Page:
What You Need to Know
- Clients who divorce after 50 have less time to prepare for retirement.
- Clients may have to rethink their retirement goals.
- You need to think about what your own relationship with each spouse will be.
With spring weather and widespread COVID-19-19 vaccine availability on the horizon, many couples are emerging from pandemic lockdowns stronger. Others will be making the decision to go their separate ways.
Baby boomers are currently getting divorced at higher rates than any other generation, according to the Pew Research Center. Trends suggest people decide their differences are irreconcilable right after big family holidays, after kids go off to college or another triggering event. Splitting up after age 50, which is often called “gray” divorce, can affect clients more financially than when they are younger with fewer assets and longer timelines to save for retirement.
For financial professionals, divorce may mean helping clients you have known and worked with for generations through very difficult times in their lives. Divorce could not only disrupt their personal and family lives but could also change their retirement goals and the steps needed to reach them. Here are a few key considerations to keep in mind when helping clients navigate this challenging transition.
1. Redefine goals
Divorce could significantly alter your clients’ financial situation, which may impact their progress on short and long-term goals. It’s important to have discussions around your clients’ goals early on. This will help them establish a baseline for their future financial needs.
The biggest goal your clients may see disrupted is their timeline for retirement, especially when it’s based on specific savings milestones. Retirement savings plans are often designed with specific lifestyle goals in mind, such as traveling with a spouse in retirement or downsizing and moving closer to grandchildren. Clients divorcing after age 50 will need to rethink these preset goals, so discussing them will help set a clear path for their financial future.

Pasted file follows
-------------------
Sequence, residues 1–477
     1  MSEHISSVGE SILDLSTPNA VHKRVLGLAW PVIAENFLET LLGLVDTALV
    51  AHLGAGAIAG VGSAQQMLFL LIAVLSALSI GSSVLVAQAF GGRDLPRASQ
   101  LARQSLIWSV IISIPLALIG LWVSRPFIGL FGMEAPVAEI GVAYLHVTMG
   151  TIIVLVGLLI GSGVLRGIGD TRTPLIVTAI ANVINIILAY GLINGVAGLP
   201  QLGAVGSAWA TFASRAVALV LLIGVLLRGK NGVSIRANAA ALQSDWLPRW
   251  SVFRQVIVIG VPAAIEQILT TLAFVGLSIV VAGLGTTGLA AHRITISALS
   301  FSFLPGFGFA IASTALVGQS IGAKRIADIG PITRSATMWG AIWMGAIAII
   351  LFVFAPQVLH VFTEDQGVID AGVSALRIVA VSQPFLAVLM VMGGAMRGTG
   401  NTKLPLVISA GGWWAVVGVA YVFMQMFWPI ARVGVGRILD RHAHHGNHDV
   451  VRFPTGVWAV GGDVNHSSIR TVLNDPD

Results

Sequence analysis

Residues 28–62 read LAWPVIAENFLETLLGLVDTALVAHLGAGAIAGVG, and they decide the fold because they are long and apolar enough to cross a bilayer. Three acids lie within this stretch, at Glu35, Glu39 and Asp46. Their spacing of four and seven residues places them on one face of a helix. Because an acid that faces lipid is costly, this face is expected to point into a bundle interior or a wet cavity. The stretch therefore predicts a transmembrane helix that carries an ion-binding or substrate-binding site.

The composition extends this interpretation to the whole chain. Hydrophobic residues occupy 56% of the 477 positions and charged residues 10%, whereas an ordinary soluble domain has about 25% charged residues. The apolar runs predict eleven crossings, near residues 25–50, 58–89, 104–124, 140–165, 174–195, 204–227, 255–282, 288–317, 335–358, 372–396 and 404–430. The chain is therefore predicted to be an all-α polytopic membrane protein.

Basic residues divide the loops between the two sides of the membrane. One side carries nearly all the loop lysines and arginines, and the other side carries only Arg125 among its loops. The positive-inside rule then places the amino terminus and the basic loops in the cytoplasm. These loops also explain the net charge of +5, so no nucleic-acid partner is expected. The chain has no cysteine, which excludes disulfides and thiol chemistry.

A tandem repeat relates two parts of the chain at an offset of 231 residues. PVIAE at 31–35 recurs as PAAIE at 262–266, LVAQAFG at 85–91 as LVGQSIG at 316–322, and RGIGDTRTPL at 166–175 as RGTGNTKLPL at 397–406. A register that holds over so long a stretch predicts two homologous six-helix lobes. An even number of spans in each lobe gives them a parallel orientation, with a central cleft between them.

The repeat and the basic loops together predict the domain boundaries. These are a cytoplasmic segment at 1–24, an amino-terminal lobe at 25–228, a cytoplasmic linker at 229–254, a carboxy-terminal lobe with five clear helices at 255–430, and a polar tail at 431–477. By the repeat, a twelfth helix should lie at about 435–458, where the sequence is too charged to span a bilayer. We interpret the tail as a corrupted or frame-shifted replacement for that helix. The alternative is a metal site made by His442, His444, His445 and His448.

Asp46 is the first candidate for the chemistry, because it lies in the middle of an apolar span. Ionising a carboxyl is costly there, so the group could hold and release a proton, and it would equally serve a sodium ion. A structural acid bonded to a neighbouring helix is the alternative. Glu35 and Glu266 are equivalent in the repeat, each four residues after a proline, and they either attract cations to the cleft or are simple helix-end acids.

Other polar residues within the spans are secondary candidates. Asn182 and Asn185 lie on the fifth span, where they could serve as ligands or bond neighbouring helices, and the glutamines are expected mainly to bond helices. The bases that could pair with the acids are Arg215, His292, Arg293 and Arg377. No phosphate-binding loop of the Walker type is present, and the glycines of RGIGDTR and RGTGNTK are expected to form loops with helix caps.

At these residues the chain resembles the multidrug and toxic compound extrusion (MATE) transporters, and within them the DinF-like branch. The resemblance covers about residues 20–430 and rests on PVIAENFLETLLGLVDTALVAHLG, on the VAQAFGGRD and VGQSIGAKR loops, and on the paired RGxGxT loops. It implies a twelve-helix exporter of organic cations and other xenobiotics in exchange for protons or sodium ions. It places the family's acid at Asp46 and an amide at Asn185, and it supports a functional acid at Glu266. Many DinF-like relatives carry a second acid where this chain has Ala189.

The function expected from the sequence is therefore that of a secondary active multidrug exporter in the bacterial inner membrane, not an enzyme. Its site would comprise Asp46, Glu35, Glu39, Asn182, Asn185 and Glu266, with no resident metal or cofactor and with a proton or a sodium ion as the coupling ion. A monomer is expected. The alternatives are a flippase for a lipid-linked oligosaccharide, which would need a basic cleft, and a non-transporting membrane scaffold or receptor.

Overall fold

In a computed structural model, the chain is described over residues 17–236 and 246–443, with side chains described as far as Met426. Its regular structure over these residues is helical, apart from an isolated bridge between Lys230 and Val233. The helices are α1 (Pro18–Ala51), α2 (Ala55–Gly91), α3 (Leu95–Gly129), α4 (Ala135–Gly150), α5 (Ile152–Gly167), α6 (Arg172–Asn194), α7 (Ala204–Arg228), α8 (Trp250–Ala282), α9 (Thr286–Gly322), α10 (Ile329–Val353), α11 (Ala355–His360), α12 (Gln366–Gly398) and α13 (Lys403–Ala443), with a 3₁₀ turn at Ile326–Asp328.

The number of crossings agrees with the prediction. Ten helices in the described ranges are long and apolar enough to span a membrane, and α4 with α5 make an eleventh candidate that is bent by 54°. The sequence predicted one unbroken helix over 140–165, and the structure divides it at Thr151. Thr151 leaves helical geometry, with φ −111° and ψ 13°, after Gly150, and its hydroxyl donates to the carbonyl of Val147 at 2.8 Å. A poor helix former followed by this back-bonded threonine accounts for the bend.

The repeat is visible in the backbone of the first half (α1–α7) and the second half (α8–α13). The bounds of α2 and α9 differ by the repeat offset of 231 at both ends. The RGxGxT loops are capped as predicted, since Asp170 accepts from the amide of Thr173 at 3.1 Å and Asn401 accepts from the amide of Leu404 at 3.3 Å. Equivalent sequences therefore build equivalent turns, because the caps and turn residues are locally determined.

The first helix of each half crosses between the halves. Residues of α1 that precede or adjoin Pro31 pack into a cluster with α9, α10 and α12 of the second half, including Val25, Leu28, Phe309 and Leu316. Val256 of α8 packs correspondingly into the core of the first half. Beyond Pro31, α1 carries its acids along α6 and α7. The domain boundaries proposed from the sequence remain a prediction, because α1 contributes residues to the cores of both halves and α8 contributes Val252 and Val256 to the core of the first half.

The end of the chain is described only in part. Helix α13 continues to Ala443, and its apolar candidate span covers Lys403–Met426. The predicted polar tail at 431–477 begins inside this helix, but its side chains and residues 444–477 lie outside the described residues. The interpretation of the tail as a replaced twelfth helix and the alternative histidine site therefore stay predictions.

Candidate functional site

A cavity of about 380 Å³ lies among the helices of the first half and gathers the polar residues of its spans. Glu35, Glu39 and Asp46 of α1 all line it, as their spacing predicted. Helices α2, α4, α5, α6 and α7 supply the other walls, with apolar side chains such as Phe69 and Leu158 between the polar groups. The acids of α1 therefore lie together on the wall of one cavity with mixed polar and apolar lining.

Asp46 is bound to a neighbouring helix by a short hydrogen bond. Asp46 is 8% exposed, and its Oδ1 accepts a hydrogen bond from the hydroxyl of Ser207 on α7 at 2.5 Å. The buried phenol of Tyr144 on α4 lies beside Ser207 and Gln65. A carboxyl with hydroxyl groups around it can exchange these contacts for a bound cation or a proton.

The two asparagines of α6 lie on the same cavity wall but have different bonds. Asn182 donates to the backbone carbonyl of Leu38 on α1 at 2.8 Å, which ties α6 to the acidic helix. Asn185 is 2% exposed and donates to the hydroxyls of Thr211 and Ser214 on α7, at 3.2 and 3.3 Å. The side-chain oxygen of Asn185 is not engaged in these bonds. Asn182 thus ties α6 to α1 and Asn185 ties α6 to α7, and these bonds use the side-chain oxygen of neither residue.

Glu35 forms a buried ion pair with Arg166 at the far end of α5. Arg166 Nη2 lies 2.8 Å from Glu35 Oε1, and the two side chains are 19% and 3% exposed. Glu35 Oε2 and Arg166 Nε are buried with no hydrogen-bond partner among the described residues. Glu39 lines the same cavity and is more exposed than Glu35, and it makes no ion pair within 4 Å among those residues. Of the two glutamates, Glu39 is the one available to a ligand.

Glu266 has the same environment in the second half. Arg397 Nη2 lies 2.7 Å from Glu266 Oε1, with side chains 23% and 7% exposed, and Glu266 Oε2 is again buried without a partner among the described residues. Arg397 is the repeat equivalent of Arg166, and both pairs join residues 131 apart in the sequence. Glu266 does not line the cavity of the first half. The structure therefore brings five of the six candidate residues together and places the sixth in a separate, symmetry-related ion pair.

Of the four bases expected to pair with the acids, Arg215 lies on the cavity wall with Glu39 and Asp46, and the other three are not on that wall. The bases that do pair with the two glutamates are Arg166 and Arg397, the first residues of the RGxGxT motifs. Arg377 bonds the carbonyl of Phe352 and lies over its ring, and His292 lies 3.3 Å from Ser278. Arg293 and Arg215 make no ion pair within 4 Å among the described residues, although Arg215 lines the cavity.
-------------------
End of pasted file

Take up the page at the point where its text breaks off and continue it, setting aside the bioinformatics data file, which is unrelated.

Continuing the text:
2. Outline the disruption of retirement strategies
Have a transparent conversation with clients about how dividing their assets and savings will change their current plan. However, be prepared to have solutions ready to help clients stay on track with their most pressing retirement goals. After the divorce is finalized, start over and help each of them build a new retirement strategy from the ground up.
As divorce proceedings may also be new to some, taxes are understandably low on the list of things they may worry about when getting divorced. But ignoring Uncle Sam can be an expensive mistake. You will play a critical role to make sure you’re supporting your clients by ensuring their new retirement strategy accounts for new filings, assets and liabilities, consulting with their legal counsel and tax advisor as appropriate.
3. Help clients create a financial checklist
Financial professionals can help divorcing couples by providing a list of suggested tasks they may want to tackle to get their financial house in order. You should construct your own list based on the individual relationship you have with the client who is facing divorce.